The Financial Services Reform Roadmap
- Newsletter Article
- Published 06.12.2019
In August 2019, the Federal Treasurer, Josh Frydenburg released the Federal Government’s Implementation Roadmap which sets out a timeline for the enactment of the recommendations of the Banking, Superannuation and Financial Services Royal Commission.
In this edition of the Bulletin we will begin to give you a brief tour of some of the more significant points of interest on the roadmap and their implications for the life insurance industry.
Prior to the Federal election both the government and opposition promised a quick and comprehensive response to enacting the Royal Commission recommendations and the government undertook to act on all of Commissioner Hayne’s 76 recommendations.
Treasury, which is entrusted with the implementation of the recommendations, has indicated that delivering on this commitment will amount to the biggest shake-up of corporate law since the 1990’s when the current structures under which financial services are licensed were comprehensively reformed.
While the changes that will flow from the recent Royal Commission will not be so fundamental, they will be very wide-ranging and will stretch the capacity of government to formulate policy and for the industry to respond in a thoughtful and positive way.
It will also clearly be a major challenge for industry to have its voice heard through a consultation process that will see over 40 individual pieces of legislation enacted.
So far, the government credits itself with having acted on 15 of the commitments outlined in its response to the Royal Commission’s Final Report, but the most meaningful of the changes affecting the life insurance industry are currently still largely in the wings or just around the corner.
The government has promised that by mid-2020 close to 90 per cent of its commitments will have been implemented or have legislation before the Parliament, so there is a period of intense change ahead which, for the reasons just outlined, will challenge the industry to respond and ultimately implement.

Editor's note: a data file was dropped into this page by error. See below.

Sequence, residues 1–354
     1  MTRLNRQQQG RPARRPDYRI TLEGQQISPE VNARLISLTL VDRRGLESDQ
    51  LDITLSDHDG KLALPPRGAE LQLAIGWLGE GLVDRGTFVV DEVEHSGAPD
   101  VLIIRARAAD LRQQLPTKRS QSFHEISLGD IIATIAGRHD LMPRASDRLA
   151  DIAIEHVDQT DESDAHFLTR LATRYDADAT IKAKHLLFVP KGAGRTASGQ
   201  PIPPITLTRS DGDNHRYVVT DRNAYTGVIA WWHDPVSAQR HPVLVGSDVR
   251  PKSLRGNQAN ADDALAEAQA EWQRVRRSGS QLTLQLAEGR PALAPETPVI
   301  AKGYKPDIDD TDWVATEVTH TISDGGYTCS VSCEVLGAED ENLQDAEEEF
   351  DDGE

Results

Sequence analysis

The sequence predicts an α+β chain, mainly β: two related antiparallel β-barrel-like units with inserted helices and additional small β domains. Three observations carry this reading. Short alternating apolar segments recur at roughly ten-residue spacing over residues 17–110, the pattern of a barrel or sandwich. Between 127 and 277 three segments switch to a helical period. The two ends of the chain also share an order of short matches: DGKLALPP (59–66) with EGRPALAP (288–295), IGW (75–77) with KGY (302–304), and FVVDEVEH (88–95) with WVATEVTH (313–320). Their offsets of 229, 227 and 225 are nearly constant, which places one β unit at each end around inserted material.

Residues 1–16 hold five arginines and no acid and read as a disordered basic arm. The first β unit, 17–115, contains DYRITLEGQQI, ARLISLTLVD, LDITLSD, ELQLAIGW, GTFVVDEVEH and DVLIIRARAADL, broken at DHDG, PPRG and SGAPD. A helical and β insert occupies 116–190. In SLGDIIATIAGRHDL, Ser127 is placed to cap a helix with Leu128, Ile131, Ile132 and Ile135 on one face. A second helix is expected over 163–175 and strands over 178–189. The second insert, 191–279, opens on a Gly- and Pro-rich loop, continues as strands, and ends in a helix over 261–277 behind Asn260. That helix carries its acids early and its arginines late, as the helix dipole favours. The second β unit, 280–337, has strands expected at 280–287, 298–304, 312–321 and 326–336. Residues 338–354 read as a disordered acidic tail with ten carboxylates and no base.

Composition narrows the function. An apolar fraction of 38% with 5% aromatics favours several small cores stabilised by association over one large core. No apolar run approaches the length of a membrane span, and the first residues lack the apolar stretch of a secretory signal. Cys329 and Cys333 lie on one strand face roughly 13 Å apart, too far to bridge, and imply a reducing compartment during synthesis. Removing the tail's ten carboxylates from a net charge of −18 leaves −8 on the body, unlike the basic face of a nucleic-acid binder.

One of the headline changes already underway is the move to make the Life Insurance Code of Practice (“LICOP”) legally enforceable.
Treasury has already begun an accelerated consultation process in relation to this change having issued a consultation paper and concluded an initial consultation period in April 2019.
Both the LICOP and the related Insurance in Superannuation Voluntary Code of Practice were created with the aim of benefitting consumers and driving better product and process outcomes. However, neither was intended at the time to be a legally binding promise and it is reasonable to anticipate they will need to be heavily adapted with this in mind before this occurs.
Treasury has however made it clear to stakeholders that the government will be seeking to ensure that any legislation to make any industry code enforceable will achieve the objectives in recommendation 1.15 of Commissioner Hayne’s final report which were;
- that ASIC’s power to approve codes of conduct should extend to all APRA-regulated institutions (and clearly therefore life insurance product issuers and superannuation trustees);
- that industry codes of conduct approved by ASIC may include ‘enforceable code provisions’, which, if they are not followed, will constitute a breach of the law;
- that ASIC may take into account what provisions are intended to be enforceable in a proposed code when determining whether to approve that code;
- that there will be remedies, modelled Part VI of the Competition and Consumer Act 2010 (CC Act), for breach of an ‘enforceable code provision’; and
- for the imposition of mandatory financial services industry codes, if needed.
Treasury sees the introduction of an enforceable code as an opportunity “to self-regulate and set standards on how to comply with and exceed what is required by the law" and would prefer industry to manage this process for itself, as “Industry codes may develop and evolve over many years, coming to encapsulate industry norms in a way that a code prescribed from outside, even by a closely engaged regulator, would not”.i
However, obtaining the approval of ASIC will clearly play a critical role in exactly what parts of any code will ultimately become enforceable.
Clearly another major change that will take place when the LICOP becomes enforceable will be the consequences for breaches and the provision of appropriate remedies.
The reference to the remedies in the current CC Act clearly also indicates the model Treasury will be working towards.
The CC Act provides for both civil penalties, the issuing of public warnings about parties in breach and orders for compensation. Breaches may also form a basis for a claim for relief by affected parties.
Though companies already treat their responsibilities under the LICOP seriously, the enforceability of the code will clearly be transformative for the industry.
The Roadmap is available on the Treasury website.
We will look at other important “hotspots” for the life insurance industry in the next edition of the Bulletin.